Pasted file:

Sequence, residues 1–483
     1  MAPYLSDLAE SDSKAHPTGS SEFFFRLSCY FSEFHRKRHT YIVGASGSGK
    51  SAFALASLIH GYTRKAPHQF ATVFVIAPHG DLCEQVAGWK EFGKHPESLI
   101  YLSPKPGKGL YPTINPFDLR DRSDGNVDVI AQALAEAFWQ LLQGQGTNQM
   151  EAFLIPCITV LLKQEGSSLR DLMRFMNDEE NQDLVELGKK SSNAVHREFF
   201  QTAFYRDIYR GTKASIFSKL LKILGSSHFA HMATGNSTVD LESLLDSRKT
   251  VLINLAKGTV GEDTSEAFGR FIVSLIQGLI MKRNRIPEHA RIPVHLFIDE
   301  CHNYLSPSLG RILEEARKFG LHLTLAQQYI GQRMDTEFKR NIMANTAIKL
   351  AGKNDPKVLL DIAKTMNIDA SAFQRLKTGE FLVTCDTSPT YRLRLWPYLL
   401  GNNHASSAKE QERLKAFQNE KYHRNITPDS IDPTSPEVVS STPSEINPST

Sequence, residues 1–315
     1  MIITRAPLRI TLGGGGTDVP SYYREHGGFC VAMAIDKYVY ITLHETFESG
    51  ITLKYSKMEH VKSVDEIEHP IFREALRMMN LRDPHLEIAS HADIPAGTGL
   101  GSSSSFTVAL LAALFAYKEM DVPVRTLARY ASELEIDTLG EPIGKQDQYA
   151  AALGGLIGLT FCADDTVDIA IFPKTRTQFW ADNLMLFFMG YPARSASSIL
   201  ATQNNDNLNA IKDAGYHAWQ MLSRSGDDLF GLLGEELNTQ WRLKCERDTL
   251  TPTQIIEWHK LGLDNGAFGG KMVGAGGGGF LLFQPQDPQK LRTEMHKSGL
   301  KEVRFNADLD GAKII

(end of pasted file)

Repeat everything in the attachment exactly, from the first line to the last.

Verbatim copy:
Sequence, residues 1–483
     1  MAPYLSDLAE SDSKAHPTGS SEFFFRLSCY FSEFHRKRHT YIVGASGSGK
    51  SAFALASLIH GYTRKAPHQF ATVFVIAPHG DLCEQVAGWK EFGKHPESLI
   101  YLSPKPGKGL YPTINPFDLR DRSDGNVDVI AQALAEAFWQ LLQGQGTNQM
   151  EAFLIPCITV LLKQEGSSLR DLMRFMNDEE NQDLVELGKK SSNAVHREFF
   201  QTAFYRDIYR GTKASIFSKL LKILGSSHFA HMATGNSTVD LESLLDSRKT
   251  VLINLAKGTV GEDTSEAFGR FIVSLIQGLI MKRNRIPEHA RIPVHLFIDE
   301  CHNYLSPSLG RILEEARKFG LHLTLAQQYI GQRMDTEFKR NIMANTAIKL
   351  AGKNDPKVLL DIAKTMNIDA SAFQRLKTGE FLVTCDTSPT YRLRLWPYLL
   401  GNNHASSAKE QERLKAFQNE KYHRNITPDS IDPTSPEVVS STPSEINPST

Sequence, residues 1–315
     1  MIITRAPLRI TLGGGGTDVP SYYREHGGFC VAMAIDKYVY ITLHETFESG
    51  ITLKYSKMEH VKSVDEIEHP IFREALRMMN LRDPHLEIAS HADIPAGTGL
   101  GSSSSFTVAL LAALFAYKEM DVPVRTLARY ASELEIDTLG EPIGKQDQYA
   151  AALGGLIGLT FCADDTVDIA IFPKTRTQFW ADNLMLFFMG YPARSASSIL
   201  ATQNNDNLNA IKDAGYHAWQ MLSRSGDDLF GLLGEELNTQ WRLKCERDTL
   251  TPTQIIEWHK LGLDNGAFGG KMVGAGGGGF LLFQPQDPQK LRTEMHKSGL
   301  KEVRFNADLD GAKII